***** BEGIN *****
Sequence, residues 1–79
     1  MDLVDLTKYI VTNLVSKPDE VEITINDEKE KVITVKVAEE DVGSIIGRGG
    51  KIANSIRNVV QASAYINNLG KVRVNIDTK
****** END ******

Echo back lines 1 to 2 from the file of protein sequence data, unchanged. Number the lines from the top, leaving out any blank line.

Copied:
Sequence, residues 1–79
     1  MDLVDLTKYI VTNLVSKPDE VEITINDEKE KVITVKVAEE DVGSIIGRGG